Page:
Employment-based Temporary Visas
H-1B Specialty Occupation Worker Visas
H-1B visas are designed for foreign nationals seeking to enter the U.S. for a temporary period to engage in employment in a “specialty occupation.” A specialty occupation is one requiring the theoretical and practical application of highly specialized knowledge and the attainment of a bachelor’s or higher degree in the specific specialty (or its equivalent) as a minimum for entry into the occupation in the U.S.
H-1B visas are generally granted for three-years at a time and are renewable for a total of six years (unless a permanent residence case is in progress, in which case additional extensions beyond six-years may be obtained). Employers must first file a petition with USCIS and once approved, the foreign national may obtain a visa at a U.S. consulate abroad.
H-1B1 Specialty Occupation Workers (Nationals of Chile and Singapore)
The H-1B1 is similar to the H-1B visa in terms of its eligibility criteria, but it is only available to nationals of Chile and Singapore pursuant to bilateral trade agreements with those countries. There is a cap on the number of H-1B1 visas set aside for nationals of these countries. H-1B1s require a certified Labor Condition Application (“LCA”) from the U.S. Department of Labor (“DOL”) and can be filed directly at the U.S. consulate abroad or with USCIS if the employee is in the United States.
E-3 Australian Special Occupation Visa
The E-3 is also similar to the H-1B in terms of its eligibility criteria but is only available to Australian nationals. E-3 visas are issued for two years at a time and are indefinitely renewable, although “dual intent” (the intent to enter as a nonimmigrant and the intent to obtain permanent residence at the same time) is not permitted. An applicant may applied for an E-3 visa directly at the U.S. consulate abroad or the employer may file a petition with USCIS if the worker is already in the United States.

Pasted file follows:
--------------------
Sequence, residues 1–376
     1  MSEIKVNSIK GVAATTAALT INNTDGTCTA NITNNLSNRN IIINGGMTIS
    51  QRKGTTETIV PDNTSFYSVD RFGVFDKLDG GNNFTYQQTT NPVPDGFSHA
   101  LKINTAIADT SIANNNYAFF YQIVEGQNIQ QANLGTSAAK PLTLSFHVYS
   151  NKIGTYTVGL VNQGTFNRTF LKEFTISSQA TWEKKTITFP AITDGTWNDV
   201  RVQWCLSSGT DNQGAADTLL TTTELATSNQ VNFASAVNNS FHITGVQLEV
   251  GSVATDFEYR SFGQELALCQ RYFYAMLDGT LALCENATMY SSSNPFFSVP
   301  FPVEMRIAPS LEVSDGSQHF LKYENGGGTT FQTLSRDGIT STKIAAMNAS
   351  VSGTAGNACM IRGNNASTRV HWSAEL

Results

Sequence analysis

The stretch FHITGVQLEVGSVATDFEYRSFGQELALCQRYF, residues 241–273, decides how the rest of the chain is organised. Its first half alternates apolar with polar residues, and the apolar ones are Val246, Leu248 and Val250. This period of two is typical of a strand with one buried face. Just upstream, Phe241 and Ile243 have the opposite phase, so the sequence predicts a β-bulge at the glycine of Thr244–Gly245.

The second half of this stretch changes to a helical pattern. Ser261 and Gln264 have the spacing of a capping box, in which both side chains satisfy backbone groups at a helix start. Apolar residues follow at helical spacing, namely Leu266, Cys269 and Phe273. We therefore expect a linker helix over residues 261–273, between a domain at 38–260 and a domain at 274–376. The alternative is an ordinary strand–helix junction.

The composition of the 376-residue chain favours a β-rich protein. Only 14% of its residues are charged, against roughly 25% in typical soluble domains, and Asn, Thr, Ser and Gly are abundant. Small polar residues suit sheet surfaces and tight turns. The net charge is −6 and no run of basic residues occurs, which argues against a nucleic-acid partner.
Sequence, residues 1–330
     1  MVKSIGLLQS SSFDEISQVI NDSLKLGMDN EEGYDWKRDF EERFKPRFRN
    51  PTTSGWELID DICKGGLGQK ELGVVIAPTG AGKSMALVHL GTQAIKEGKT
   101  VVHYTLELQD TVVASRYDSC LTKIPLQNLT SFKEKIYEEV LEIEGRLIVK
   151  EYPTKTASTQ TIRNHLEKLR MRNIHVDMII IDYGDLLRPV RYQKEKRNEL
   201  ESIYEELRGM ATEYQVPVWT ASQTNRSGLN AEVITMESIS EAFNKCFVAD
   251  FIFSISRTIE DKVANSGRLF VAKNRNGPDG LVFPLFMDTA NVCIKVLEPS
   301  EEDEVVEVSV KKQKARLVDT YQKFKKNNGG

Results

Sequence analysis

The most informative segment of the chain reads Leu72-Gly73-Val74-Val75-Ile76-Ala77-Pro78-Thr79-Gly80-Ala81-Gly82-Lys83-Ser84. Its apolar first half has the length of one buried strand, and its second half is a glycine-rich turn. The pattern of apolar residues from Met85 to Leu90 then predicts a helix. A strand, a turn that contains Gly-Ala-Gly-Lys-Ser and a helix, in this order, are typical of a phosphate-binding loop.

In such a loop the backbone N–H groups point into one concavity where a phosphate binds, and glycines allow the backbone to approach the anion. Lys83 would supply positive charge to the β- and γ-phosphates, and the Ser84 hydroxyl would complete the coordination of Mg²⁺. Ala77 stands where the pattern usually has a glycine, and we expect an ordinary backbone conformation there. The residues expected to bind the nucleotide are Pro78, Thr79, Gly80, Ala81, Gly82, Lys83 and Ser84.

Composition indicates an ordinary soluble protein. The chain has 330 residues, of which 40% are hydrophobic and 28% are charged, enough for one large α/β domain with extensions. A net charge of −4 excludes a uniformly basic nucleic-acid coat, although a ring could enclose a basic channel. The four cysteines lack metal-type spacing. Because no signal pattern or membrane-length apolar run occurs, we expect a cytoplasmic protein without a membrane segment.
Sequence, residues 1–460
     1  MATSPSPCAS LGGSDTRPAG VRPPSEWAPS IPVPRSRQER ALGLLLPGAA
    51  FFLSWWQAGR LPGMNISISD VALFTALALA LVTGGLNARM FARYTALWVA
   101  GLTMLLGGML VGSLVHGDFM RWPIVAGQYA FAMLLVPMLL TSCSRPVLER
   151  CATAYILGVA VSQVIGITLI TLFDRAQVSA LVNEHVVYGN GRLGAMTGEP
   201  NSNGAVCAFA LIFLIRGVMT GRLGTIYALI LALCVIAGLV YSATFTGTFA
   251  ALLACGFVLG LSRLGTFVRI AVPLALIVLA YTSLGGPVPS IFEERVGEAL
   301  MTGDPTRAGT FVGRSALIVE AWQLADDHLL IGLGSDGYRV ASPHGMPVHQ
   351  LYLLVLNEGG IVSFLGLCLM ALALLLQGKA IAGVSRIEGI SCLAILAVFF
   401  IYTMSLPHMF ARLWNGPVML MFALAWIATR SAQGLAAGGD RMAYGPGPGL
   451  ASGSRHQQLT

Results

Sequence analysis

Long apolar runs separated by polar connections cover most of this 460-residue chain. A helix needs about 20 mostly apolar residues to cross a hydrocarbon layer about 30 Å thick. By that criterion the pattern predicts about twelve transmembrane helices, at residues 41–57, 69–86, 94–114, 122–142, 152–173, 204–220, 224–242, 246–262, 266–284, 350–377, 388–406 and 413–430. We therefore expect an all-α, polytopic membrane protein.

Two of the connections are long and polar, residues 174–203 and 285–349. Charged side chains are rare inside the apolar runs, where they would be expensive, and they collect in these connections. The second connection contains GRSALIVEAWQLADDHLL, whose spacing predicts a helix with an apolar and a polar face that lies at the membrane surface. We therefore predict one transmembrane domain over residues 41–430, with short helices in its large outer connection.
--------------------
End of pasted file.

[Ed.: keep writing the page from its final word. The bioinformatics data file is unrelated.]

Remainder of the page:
TN Professional Visas (Pursuant to NAFTA)
The TN category was created under the North American Free Trade Agreement (NAFTA) and has been retained in the United States Mexico Canada (“USMC”) Trade Agreement. The TN is similar to the H-1B in terms of its requirements, although it is only available to foreign nationals from Canada and Mexico who are engaged in an enumerated list of professions.
Other differences between the TN and the H-1B visa categories are: TNs can be obtained directly at the border (for Canadians) and at a consulate (for Mexicans) without having to file a petition with USCIS first, and TNs are not permitted to have “dual intent” (the intent to enter as a nonimmigrant and the intent to obtain permanent residence at the same time). TNs are generally granted for three-years at a time and are renewable indefinitely.
O-1 Aliens of Extraordinary Ability
The O-1 visa is available for persons of extraordinary ability in the sciences, arts, education, business or athletics who have risen to the very top of their field as demonstrated by sustained national or international acclaim. The O-1 may be granted up to 3 years stay initially, with the ability to seek indefinite extensions thereafter. O-2 visas are available for persons accompanying and assisting an O-1 artist or athlete for a specific event or events.
L-1 Intra-company Transferee Visas
L-1 visas are available to permit the temporary exchange of personnel by international companies or organizations. Foreign nationals must show that they have been employed abroad by a foreign firm in a managerial, executive, or specialized knowledge capacity for at least one year during the previous three years and that they will be employed by a legally related U.S. company (parent, subsidiary, branch, or affiliate) in one of the above-mentioned capacities in the U.S.
L-1 visas are generally granted for an initial period of three-years and can be renewed for one or two additional two-year periods depending on whether the foreign national is employed in the specialized knowledge capacity or as a manager/executive.
B-1 Business Visitor Visas
The purpose of the B-1 visa is to permit foreign nationals to enter the U.S. for short business trips that do not constitute employment. B-1 visas are available for foreign nationals who intend to enter the U.S. temporarily to engage in business activities and to return to their foreign residence thereafter. B-1s may not be compensated by a U.S. employer for any activities performed in the United States. They may, however, be reimbursed for their travel expenses.
B-1 visitors may apply for their visas directly at the U.S. consulate abroad. At the port-of-entry, they are generally given no more than six months to remain in the U.S. but may be granted up to one year for their first entry.
Dependents of Nonimmigrant Workers
Dependents (spouses or unmarried children under age 21) are generally permitted to accompany the principal nonimmigrant worker. Spouses of Ls and Es may work in the United States once authorized to do so by USCIS. Spouses of H-1Bs may work in the United States only once the principal’s green card case is far enough along. Dependents of TNs, O-1s and Bs may not work in the United States.